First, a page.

let data = await resp.arrayBuffer() 
    if (webp && contentType.includes("image/webp")) { 
      // already webp, noop 
      webp = false 
    } 
    if (webp || width) { 
      let image = new fly.Image(data) 
      if (width) { 
        image.withoutEnlargement().resize(width) 
      } 
      if (webp) { 
        image.webp() 
      } 
      const result = await image.toBuffer() 
      data = result.data 
    } 

If we got to this point in our function, then our response is in fact an image. Hurray!

Define the variable data that is equal to the image's binary data (input and output are much faster using binary data).

If webp is true (meaning the request headers include image/webp and the contentType includes "webp", then this indicates that the browser accepts the webp format AND that the response object (the image) is already in the webp format.

If the image is already in the webp format, there is no need for us to convert it. So, we'll set our wepb variable to false, indicating that we will not need to later convert it.

In this case, we will only do the next code block if we need to resize the image, which will ultimately make the image webp format AND correctly sized.

If the image does not need to be resized AND is already in the webp format, then we will not do the code block below and we will basically just throw this image in the cache (making for faster future downloads) and return it to the user.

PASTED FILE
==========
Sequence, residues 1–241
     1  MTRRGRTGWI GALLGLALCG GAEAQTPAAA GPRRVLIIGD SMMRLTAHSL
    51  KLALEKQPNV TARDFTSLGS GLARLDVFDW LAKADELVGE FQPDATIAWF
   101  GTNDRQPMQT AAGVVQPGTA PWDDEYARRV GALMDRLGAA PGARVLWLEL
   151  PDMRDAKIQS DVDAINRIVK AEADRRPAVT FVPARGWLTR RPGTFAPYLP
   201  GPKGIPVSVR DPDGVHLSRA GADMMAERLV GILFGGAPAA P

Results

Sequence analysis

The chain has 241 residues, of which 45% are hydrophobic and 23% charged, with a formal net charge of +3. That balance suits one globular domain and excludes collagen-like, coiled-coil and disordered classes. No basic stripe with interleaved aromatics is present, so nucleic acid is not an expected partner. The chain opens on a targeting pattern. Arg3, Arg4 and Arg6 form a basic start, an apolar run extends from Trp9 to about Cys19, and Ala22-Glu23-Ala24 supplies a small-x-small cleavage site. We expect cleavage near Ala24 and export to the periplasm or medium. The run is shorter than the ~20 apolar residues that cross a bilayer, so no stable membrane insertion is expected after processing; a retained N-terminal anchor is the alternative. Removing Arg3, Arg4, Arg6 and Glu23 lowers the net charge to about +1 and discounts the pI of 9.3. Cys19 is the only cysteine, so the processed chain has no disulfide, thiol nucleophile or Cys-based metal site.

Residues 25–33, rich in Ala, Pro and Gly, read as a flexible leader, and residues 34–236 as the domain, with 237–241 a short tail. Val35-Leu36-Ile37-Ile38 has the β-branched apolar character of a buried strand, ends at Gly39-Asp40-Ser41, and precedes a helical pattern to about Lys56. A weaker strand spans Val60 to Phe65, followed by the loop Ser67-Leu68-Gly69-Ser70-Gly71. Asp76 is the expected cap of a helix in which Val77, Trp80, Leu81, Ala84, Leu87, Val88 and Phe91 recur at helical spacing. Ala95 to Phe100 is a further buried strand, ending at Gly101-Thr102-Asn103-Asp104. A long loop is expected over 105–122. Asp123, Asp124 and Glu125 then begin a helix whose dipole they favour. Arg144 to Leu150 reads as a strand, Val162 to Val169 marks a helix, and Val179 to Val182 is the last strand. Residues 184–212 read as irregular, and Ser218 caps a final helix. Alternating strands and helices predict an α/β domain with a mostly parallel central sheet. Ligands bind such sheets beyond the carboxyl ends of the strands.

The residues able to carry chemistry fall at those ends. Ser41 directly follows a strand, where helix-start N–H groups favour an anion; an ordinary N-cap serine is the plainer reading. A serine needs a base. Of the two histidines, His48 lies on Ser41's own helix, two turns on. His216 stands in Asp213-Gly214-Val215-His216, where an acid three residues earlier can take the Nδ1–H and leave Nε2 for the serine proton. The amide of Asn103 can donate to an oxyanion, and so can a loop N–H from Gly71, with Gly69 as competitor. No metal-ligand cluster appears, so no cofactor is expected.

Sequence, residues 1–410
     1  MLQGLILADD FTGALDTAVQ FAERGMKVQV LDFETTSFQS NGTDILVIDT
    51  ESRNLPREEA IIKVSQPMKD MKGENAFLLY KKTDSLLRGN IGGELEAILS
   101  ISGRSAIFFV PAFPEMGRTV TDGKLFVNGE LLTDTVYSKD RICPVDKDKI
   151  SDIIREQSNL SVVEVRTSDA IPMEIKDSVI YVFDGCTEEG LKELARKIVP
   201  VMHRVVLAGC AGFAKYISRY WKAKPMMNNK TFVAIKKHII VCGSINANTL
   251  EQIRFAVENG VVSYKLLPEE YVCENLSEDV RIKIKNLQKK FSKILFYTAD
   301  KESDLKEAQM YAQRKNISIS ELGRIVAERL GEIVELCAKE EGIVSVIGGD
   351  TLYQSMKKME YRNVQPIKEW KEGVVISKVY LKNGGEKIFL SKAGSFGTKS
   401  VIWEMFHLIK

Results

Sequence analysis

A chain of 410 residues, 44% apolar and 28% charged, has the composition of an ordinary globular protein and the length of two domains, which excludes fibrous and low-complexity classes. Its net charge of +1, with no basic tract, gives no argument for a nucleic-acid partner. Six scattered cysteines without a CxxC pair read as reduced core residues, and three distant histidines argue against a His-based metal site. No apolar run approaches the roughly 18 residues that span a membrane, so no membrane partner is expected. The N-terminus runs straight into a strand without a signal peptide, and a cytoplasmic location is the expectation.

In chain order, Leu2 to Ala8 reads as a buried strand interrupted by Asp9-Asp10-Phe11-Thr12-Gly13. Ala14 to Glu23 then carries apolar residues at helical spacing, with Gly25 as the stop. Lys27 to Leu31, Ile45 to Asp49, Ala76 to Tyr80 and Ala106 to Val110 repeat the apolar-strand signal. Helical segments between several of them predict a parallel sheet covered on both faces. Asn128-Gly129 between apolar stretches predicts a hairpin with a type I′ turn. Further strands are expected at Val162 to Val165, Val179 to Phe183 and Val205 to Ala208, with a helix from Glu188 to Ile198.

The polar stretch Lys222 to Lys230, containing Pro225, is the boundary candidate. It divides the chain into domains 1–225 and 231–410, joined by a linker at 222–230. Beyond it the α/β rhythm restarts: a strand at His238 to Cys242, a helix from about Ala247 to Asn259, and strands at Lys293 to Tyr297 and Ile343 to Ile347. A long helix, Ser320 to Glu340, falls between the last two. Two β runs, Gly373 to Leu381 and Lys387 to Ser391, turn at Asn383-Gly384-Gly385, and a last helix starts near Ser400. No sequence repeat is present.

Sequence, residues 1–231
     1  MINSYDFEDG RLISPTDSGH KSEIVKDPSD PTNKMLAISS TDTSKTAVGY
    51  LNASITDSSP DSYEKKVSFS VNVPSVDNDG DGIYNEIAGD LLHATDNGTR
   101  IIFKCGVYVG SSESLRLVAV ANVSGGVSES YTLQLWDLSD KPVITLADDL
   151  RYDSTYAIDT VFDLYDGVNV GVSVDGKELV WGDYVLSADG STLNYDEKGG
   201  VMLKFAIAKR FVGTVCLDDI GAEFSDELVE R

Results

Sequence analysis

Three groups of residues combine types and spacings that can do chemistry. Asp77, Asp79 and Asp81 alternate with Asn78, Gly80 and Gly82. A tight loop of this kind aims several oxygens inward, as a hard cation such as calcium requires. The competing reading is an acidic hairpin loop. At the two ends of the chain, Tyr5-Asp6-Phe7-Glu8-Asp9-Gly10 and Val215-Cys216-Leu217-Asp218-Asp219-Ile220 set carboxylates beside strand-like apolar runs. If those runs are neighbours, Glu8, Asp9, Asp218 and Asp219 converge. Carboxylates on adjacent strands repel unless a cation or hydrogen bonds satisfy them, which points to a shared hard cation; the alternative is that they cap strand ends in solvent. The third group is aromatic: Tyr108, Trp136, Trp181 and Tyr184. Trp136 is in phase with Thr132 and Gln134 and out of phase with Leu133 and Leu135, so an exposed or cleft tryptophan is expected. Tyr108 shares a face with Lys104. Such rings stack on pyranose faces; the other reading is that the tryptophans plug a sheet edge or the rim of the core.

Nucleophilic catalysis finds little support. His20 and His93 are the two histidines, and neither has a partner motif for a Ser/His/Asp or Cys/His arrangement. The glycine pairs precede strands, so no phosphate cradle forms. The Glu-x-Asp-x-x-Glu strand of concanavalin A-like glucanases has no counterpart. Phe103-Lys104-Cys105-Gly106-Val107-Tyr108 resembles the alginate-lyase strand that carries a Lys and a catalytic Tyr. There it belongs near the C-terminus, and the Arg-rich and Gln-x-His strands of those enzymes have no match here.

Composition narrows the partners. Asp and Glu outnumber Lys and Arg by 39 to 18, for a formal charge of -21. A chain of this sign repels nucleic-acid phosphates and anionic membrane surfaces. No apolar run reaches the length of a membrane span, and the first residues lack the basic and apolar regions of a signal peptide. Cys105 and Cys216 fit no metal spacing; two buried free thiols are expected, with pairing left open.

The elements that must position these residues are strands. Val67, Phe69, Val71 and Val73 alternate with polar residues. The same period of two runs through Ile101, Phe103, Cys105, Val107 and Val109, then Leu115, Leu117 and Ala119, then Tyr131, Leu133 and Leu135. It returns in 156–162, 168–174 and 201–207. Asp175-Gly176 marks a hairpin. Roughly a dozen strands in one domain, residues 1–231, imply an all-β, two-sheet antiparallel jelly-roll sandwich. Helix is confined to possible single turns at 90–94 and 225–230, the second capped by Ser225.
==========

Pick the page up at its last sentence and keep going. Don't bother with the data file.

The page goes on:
if (webp || width) If the image is NOT already in the webp format OR it needs to be resized, keep on going.

Create the image variable, which is equal to a new fly.image instance using the image's binary data, equating to fast downloads and space savings!

If width is equal to a number and is not undefined, then we'll take our new image variable and resize it based on whatever number of pixels is in the width variable.

withoutEnlargement means do not enlarge the output image if the input image width or height are already less than the required dimensions.

Then, if webp is true (meaning the browser accepts webp), convert our image to the webp format.

Create a new variable result that is equal to the image converted to buffer (better for handling raw binary data than strings). Then set data equal to the image's buffer data.

    resp = new Response(data, resp) 
    if (webp) resp.headers.set("content-type", "image/webp") 
    resp.headers.set("content-length", data.byteLength) 
    await fly.cache.set(key, resp, 3600 * 24) // cache for 24h 

    resp.headers.set("Fly-Cache", "MISS") 

    return new Response(data, resp) 
  } 
} 

Finally, create a new Response object with the image's data as the body.

if webp is true, change the image's content-type header to image/webp.

Set the content-length header of the image equal to it's byteLength. The byteLength property represents the length of an ArrayBuffer in bytes.